Review/Oorsig Volume 23, Issue 01 - Page 26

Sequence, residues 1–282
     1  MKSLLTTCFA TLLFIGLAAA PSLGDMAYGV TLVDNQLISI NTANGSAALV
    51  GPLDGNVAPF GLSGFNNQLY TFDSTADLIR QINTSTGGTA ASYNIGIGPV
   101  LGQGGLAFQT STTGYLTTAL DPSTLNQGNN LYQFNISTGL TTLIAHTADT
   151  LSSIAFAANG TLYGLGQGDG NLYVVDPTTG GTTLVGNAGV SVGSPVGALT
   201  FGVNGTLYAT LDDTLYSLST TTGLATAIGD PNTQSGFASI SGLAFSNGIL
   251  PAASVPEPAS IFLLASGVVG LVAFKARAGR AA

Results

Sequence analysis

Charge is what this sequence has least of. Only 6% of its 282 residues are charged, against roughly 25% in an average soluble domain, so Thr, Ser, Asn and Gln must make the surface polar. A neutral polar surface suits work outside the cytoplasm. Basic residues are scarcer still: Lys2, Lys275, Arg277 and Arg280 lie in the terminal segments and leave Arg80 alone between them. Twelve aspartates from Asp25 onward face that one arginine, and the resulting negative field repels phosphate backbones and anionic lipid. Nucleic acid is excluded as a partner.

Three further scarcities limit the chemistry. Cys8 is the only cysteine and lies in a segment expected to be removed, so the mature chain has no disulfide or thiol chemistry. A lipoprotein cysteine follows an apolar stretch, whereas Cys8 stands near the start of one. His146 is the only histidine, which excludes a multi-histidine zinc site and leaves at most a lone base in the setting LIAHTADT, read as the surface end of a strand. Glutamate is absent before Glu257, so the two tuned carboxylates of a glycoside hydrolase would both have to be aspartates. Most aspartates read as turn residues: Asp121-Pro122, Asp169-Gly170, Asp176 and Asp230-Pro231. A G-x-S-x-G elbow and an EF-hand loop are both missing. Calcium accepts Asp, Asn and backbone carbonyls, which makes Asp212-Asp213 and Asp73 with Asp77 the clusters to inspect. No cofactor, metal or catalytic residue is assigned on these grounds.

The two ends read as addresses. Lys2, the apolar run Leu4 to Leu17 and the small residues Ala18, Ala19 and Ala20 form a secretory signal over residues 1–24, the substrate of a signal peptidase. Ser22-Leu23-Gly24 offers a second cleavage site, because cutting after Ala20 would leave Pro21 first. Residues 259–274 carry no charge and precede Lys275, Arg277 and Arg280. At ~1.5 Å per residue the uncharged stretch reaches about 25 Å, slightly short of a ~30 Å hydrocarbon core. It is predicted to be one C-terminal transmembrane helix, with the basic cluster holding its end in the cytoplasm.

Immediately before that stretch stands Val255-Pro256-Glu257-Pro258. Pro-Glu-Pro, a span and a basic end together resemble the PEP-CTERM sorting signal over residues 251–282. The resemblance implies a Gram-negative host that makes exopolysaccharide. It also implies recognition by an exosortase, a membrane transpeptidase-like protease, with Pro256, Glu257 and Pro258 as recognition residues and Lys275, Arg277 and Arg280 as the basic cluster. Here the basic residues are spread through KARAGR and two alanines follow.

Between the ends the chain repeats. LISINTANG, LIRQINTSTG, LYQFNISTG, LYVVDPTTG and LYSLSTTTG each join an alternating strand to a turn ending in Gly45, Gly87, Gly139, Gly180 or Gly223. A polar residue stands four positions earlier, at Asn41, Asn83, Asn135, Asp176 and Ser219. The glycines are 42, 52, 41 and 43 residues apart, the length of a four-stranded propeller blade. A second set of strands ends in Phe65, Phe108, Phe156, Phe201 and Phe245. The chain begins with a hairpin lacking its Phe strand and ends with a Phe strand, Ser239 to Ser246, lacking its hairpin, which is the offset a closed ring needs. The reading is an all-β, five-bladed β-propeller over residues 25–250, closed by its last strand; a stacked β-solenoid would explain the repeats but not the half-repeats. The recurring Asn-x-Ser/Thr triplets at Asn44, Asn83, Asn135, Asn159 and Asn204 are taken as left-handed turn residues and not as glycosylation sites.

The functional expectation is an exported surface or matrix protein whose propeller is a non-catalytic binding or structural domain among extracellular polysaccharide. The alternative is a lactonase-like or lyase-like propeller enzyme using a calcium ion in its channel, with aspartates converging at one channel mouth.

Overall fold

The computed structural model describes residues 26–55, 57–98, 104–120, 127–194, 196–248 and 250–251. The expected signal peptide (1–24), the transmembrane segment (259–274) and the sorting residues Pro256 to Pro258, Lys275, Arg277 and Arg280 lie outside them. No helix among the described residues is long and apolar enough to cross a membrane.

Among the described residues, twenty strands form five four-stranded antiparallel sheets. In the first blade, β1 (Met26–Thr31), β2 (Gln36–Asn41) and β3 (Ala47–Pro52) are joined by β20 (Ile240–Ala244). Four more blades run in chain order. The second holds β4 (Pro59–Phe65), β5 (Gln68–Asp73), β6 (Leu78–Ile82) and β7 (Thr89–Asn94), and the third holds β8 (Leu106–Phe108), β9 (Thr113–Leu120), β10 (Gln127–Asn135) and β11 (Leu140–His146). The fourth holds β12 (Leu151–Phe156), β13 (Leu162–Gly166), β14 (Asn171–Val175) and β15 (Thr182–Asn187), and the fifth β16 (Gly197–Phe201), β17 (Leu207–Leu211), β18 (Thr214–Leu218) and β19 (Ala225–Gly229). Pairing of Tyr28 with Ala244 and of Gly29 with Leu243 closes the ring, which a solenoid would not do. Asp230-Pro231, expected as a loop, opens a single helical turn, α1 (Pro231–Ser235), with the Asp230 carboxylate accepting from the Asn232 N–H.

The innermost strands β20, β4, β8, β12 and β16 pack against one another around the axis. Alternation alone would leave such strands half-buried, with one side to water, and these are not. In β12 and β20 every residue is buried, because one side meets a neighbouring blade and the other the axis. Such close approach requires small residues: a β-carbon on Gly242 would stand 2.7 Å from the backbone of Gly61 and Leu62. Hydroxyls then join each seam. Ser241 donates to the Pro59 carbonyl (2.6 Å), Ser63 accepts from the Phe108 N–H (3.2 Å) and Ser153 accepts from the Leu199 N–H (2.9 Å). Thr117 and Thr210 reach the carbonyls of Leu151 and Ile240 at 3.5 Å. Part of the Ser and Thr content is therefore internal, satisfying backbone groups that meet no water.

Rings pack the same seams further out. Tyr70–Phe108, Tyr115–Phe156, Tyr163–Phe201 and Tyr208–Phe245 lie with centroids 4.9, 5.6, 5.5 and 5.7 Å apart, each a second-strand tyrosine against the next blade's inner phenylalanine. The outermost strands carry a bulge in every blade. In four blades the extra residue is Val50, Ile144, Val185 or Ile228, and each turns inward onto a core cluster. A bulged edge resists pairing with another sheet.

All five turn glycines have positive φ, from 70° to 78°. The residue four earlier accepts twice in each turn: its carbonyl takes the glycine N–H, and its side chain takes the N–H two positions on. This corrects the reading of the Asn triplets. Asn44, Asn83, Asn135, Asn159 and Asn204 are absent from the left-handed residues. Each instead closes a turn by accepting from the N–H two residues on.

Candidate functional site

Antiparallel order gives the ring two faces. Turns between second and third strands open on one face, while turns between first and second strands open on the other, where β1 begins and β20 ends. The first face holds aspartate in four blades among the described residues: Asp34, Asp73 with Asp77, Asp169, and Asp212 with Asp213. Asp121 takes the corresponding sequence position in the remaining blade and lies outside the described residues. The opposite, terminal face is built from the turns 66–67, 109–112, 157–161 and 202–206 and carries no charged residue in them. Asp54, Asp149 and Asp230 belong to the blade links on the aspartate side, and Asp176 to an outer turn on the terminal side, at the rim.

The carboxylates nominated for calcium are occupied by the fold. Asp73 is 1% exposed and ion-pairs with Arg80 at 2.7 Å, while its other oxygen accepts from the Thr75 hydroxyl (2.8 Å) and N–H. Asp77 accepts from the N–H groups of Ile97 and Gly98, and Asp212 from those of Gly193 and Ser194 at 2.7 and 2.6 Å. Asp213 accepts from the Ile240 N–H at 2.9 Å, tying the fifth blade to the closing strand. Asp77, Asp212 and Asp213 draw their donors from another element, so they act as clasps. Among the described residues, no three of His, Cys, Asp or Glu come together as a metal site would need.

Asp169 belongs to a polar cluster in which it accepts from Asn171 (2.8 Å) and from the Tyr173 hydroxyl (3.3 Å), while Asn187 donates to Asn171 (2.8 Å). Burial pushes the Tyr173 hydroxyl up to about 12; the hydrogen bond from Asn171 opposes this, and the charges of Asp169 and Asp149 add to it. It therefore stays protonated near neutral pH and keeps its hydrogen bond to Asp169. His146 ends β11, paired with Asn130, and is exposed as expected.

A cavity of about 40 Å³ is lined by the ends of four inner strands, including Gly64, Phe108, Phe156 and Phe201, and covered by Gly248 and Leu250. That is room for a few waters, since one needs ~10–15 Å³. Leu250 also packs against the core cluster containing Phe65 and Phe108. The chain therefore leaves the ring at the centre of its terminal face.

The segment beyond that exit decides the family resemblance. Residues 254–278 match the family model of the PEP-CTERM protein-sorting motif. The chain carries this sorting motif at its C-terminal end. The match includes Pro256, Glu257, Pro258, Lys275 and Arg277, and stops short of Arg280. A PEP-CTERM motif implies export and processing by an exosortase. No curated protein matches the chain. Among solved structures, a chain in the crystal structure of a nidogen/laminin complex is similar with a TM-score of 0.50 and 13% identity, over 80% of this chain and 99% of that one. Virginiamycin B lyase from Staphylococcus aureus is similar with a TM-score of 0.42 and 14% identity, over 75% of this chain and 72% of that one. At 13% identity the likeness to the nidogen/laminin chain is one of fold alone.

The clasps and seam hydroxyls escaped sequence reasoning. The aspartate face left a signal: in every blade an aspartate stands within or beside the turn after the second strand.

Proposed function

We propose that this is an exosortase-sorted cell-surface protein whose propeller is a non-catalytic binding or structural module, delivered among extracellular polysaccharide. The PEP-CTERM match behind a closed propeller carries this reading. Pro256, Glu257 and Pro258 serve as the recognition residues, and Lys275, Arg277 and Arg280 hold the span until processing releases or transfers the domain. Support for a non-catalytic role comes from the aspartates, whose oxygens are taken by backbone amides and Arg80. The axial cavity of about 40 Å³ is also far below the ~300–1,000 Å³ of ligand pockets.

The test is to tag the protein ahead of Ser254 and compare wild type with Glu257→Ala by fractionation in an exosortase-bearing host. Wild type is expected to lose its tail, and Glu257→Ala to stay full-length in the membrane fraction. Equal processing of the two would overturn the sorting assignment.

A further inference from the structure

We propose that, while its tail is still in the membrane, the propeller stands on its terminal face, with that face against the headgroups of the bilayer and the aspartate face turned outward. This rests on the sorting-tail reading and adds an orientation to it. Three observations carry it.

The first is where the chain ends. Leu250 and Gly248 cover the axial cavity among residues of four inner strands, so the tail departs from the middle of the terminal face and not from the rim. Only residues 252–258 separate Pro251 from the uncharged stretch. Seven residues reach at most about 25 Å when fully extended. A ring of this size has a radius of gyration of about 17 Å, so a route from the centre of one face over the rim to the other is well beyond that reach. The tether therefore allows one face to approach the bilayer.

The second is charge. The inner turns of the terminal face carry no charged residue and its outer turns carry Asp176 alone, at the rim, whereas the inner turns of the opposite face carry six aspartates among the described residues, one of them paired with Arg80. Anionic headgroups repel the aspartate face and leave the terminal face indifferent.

Oorsig/Review A Tribute to Veterinary Pioneers 2020 Will be the twin centenary of The South African Veterinary Association (SAVA) and the Faculty of Veterinary Science at Onderstepoort. Leading up to these events The Review will be publishing an article in each issue relating to the history of veterinary science, specifically livestock. Not just diseases, but especially the people - vets - who helped create what we now think of as standard practice PETER NEWTON COLLIER (1929-2013) Peter Collier was a Jo’burg boy, the son of a master brewer. Peter went to Jeppe High. Despite being a city boy he spent his entire adult life on farms, both as a country vet and a farmer. He was part of the small but illustrious class of ’53 at Onderstepoort, which included Prof Theuns Naude (toxicology), Prof Malie Smuts (anatomy) and Dr Alan Abrey (of Umgeni and Brazilian Bird Parks renown). Their camaraderie saw the classmates holding regular reunions over the decades and these allowed them to watch one another’s families grow, ultimately fly the coops and have families of their own. After cutting his eye teeth at the Azzie practice in Jo’burg and in a stint in the UK, Peter worked with Sandy Littlejohn in Mooi River. He married a nursing sister Ena Kirby, a Transkei trader’s daughter, and this marriage partnership lasted both their lifetimes. In 1957 the remote Underberg farming district had no resident vet, so the Farmers Association offered Peter a deal whereby it would subsidise his income if his earnings – as local vet – didn’t reach fifty pound a month. (It never had to!) Peter and Ena Collier became the legendary vet practice in south-western KZN. Like Drs Romyn Every (Estcourt) and Peter Wacher (Howick), the practice evolved from TB and CA testing and fire-engine based work to a whole herd philosophy. As a single-man show he worked himself to the bone with few holidays. Locums were hard to come by but he later managed to “blood” a few young vets by hiring locums or assistants. Dr Stuart Southwell from New Zealand and Dr Jacques Flamand (a Cambridge graduate) were two such protégées. Jacques in time became a renowned wildlife vet, specialising in rhinos. Tod Collins joined Peter in 1976. Today the Underberg Vet Surgery comprises Tod Collins, Gavin King and Rob Delaney. The Colliers purchased a small farm a few kilometres outside Underberg, on the Drakensberg Garden road. This was the base of the practice and their Charolais stud. The well-known “Duck & Dolittle” restaurant now occupies the old surgery buildings, after the new surgery was built alongside the Farmers Association saleyards in the Underberg village in 1988. Peter was a remarkably talented sportsman, shining in country districts golf, cricket and tennis. In his later years he took to mountain biking and with a legendary Comrades runner, Clive Crawley, formed the oldest team to complete the Sani-to-Sea event. Conservation matters became a passion too and he was an active Honorary Officer for EKZN Wildlife. The Colliers were also founder (and 25 years later, closing) members of the local Lions Club. 26